By Judith E. Lipson, M.A., LPC
The next time you are in the presence of an infant or young child observe the authenticity with which they approach life. If something brings pleasure, they fully radiate joy, and if something is not making them happy, they will certainly express that as well. The real beauty is that they can swiftly return to joy with incredible ease.
Many of you inadvertently lost touch with your authenticity after the socialization process. Seemingly insignificant conversations might have affected your ability to know and remember yourself. An example might be when you were told to hug your visiting aunt. When you said that you don’t like getting close to your aunt, the adults in your world insisted that you ignore your feelings and go hug her anyway. Each time you saw yourself discounted for the ‘greater good’ there was the potential to lose a bit of your authentic self.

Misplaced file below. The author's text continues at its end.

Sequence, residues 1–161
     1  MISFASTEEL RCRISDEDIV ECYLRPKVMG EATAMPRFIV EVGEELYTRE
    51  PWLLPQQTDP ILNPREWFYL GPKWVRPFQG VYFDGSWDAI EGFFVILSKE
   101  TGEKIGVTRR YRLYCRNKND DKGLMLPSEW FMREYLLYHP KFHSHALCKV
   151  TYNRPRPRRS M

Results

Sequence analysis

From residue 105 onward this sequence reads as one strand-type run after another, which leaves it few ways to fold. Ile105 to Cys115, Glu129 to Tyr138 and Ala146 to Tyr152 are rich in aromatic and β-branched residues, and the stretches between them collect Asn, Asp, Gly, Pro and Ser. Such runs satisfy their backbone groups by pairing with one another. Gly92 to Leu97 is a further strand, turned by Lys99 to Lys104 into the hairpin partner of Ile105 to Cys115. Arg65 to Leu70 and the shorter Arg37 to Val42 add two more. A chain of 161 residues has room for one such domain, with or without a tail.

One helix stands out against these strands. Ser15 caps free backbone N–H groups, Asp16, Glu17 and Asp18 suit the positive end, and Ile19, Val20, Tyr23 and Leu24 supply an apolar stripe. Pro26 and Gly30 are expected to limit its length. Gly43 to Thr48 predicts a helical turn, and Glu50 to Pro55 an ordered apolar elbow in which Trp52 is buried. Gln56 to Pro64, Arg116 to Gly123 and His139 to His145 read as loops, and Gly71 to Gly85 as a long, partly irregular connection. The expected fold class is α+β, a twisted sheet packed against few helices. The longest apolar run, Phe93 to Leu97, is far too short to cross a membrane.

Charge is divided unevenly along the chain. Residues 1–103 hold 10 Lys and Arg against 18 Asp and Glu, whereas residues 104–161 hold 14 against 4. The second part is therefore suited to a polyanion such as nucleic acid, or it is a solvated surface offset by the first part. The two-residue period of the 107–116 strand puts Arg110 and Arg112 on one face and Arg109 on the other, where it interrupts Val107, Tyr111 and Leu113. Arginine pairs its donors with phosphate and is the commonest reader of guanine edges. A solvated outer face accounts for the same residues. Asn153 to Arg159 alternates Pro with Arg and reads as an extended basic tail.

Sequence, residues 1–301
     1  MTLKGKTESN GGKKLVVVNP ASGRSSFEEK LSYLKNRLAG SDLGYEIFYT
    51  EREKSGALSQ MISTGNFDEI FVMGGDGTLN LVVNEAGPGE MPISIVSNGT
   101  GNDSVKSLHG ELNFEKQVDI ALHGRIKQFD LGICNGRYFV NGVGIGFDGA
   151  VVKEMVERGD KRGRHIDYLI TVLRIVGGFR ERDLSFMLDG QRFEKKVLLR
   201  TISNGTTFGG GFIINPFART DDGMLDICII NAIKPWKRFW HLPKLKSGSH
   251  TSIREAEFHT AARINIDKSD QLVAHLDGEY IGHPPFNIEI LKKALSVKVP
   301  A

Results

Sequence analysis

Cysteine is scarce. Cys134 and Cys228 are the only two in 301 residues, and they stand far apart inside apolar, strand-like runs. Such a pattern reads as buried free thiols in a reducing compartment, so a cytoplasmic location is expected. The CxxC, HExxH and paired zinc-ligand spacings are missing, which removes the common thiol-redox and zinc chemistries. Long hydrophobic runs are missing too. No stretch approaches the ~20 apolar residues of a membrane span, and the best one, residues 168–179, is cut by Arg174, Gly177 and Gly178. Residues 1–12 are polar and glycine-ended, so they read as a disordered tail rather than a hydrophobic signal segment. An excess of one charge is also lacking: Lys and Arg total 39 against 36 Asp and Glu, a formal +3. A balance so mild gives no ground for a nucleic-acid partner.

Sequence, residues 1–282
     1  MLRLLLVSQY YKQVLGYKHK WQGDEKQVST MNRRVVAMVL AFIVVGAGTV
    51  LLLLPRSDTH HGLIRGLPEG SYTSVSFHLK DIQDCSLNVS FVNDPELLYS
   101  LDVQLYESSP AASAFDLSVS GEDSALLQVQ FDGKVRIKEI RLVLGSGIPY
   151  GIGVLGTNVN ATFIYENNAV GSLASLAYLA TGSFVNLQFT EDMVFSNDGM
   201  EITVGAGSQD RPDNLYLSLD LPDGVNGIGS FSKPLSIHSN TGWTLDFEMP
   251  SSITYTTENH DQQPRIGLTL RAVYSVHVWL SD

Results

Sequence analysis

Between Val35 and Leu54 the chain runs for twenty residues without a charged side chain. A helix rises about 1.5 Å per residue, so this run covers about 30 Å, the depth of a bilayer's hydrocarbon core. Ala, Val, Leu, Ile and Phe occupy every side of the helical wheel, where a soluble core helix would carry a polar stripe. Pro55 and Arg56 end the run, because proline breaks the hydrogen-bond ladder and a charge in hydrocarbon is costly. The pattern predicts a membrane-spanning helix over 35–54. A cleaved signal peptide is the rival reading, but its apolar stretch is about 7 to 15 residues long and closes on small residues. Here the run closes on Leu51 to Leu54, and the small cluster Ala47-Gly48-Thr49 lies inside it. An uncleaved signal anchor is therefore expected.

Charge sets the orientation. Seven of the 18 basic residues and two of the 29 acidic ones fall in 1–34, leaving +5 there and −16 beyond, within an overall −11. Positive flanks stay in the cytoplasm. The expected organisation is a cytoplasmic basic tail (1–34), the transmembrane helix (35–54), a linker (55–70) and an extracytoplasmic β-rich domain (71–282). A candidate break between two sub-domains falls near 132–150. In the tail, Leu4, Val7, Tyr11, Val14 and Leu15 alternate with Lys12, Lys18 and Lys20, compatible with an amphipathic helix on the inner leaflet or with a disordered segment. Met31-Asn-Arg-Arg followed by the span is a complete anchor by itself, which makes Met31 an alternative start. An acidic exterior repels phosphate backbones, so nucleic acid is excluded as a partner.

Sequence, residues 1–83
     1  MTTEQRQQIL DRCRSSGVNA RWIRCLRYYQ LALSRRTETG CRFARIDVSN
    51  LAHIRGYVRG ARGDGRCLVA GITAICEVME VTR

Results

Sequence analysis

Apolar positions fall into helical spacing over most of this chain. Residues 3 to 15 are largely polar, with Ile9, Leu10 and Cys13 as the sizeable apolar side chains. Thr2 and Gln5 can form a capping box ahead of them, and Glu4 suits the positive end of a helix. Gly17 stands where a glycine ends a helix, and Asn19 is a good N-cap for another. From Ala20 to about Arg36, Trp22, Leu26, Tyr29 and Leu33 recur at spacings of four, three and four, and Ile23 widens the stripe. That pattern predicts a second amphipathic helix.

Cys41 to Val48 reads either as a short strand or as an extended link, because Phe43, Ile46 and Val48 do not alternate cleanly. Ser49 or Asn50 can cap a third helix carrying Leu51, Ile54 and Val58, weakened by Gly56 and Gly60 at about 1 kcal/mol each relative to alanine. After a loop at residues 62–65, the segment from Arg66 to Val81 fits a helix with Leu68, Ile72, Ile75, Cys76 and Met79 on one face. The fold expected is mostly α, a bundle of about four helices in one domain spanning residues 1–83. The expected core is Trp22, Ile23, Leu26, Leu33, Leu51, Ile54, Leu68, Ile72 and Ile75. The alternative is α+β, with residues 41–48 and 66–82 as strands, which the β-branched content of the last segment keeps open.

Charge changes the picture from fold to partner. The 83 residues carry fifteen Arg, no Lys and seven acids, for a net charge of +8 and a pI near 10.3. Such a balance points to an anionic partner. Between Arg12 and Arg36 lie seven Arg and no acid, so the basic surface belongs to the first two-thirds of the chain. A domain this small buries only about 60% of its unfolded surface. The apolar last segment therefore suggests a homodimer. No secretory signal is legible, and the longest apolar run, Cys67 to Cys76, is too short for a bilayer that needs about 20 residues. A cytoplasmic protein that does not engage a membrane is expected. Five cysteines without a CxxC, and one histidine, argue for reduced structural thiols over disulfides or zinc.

Another common situation was when, as a child, you were intuitive or knew things that your adult caregivers didn’t remember, didn’t believe, or feared. Could you see auras? Did you know things about people? Could you predict the future? The child is reliant on physical and emotional safety from others, so you may have discounted your abilities and suppressed them in order to be or feel safe. [Read more…]